‘Average Joe’ is the Tigers’ biggest fan

Published 9:48 am Friday, November 4, 2011

The numbers in Joe Holtzapfel’s age add up to the point equivalent of 10 touchdowns and a safety. Or 18 grand slams. Or 24 three-point buckets.

Or, roughly 18 percent of the total number of victories he has enthusiastically watched Bob Lutz reel in as the head coach of his beloved Ironton Fighting Tigers football team.

And in those 72 years, spent in a love affair with Ironton sports, he has touched the lives of many former players in multiple ways, myself included.

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I followed his advice in 1977 when he gently explained to this nine-year-old Pete Rose wannabe that I was, in fact, not Pete Rose and that his batting stance was his, not mine. The adjustments he made paid dividends to me and the Tipton’s Astros for the next four years, which included two championship game appearances.

And he was just warming up. The Astros, thanks to Joe and sponsor/manager Tommy Tipton, became the dominant force at the Ironton Little League throughout the decades of the 1980s and early 90s.

Countless young men benefitted from his tutelage, many of whom emulate him to this day on baseball diamonds across the country. He looks at all of us as a part of his extended family. And in a way, we really are.

When the seasons changed, so did Joe’s focus. If you’ve attended any Ironton sporting event since the Eisenhower administration and did not see Joe at the game, the house must have been so packed that he simply blended in with the spectators.

Or he might have been in the press box, or sitting courtside helping announce the game on radio.

His knowledge of all things sports, combined with a competitive yet personable demeanor, have placed his name among the best known and most admired sports enthusiasts and historians in our community.

And although he loves all sports, Ironton Fighting Tiger football is his passion.

Joe’s blog, www.joeholtzapfel@wordpress.com, features his unique perspective of every game the Tigers play. The site is such a hit, particularly amongst former Tiger players, that emails trickle in during the offseason asking him to write about historical games, coaches, and players.

The 1979 state champion Tigers, which he calls “My biggest sports thrill ever” is a hot topic. The continually escalating win total for head coach Bob Lutz is another.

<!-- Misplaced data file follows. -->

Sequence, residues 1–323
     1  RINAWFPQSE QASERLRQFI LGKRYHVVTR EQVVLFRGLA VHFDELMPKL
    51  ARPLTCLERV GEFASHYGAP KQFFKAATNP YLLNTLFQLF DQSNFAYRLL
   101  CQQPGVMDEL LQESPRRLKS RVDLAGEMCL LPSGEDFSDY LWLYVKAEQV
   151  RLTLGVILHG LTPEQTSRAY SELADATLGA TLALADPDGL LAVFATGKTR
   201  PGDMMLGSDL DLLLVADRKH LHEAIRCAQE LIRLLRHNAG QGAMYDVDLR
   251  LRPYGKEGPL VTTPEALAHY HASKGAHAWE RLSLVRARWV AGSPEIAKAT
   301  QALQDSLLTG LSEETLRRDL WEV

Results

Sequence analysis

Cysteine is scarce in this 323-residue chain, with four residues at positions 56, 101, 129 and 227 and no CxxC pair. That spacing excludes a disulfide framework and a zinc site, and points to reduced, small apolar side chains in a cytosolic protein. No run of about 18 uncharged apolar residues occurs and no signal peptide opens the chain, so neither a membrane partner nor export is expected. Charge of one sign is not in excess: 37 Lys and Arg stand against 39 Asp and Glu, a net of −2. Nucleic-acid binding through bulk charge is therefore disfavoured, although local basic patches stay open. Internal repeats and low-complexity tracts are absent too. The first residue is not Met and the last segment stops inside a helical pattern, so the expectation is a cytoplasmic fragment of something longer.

In between, he has written about former IHS coaches such as Jim “Bear” Mains, Bob Bruney, Shortie Davies, Jim Rockwell, Charlie Kautz, and Dick Gallagher….and he can tell you fascinating stories about each man.

Former players, from the famous Coy Bacon to the Rudy-like Tyler Whaley to lesser-known former Tiger icons, such as twin halfbacks Keith and Ken Barnes, spew quickly from his mind when elaborating on the history of Tiger football.

He can tell you who quarterbacked the Tigers in 1954, when his love affair with the team began. And he can also give you a history of that quarterback, John Leach, who went on to become a highly respected orthopedic surgeon at The Ohio State University.

How many times have the Tigers been named AP poll champions? Easy question for Joe (answer: 4). How many times has the team gone to the playoffs? Another soft lob (answer: 29, second only to Newark Catholic’s 31).

Name a Fighting Tiger in any sport from the past half-century and Joe’s memory will likely give you the highlights of his or her career.

If you can stump him with a trivia question about Ironton football, however, your picture should be framed and displayed in Tiger Alley.

The man has a gold mine of information about our history in his head.

The funny thing is, I’m not certain that Joe understands his value to our community. In the past, he has questioned whether anyone was reading at all…if it was worth the time to write.

But messages of appreciation, such as one from a former Tiger serving our country in Iraq, John Turner, pushed him to continue.

“When you get a message like that, you have to keep going,” he said.

Visit Joe’s blog, www.joeholtzapfel@wordpress.com, read about the current Tigers and digest the stories of the ones from the past.

It’s a free trip, bought and paid for by 72 years of passionate dedication.


Billy Bruce is a freelance writer who lives in Pedro. He can be contacted at hollandkat3@aol.com.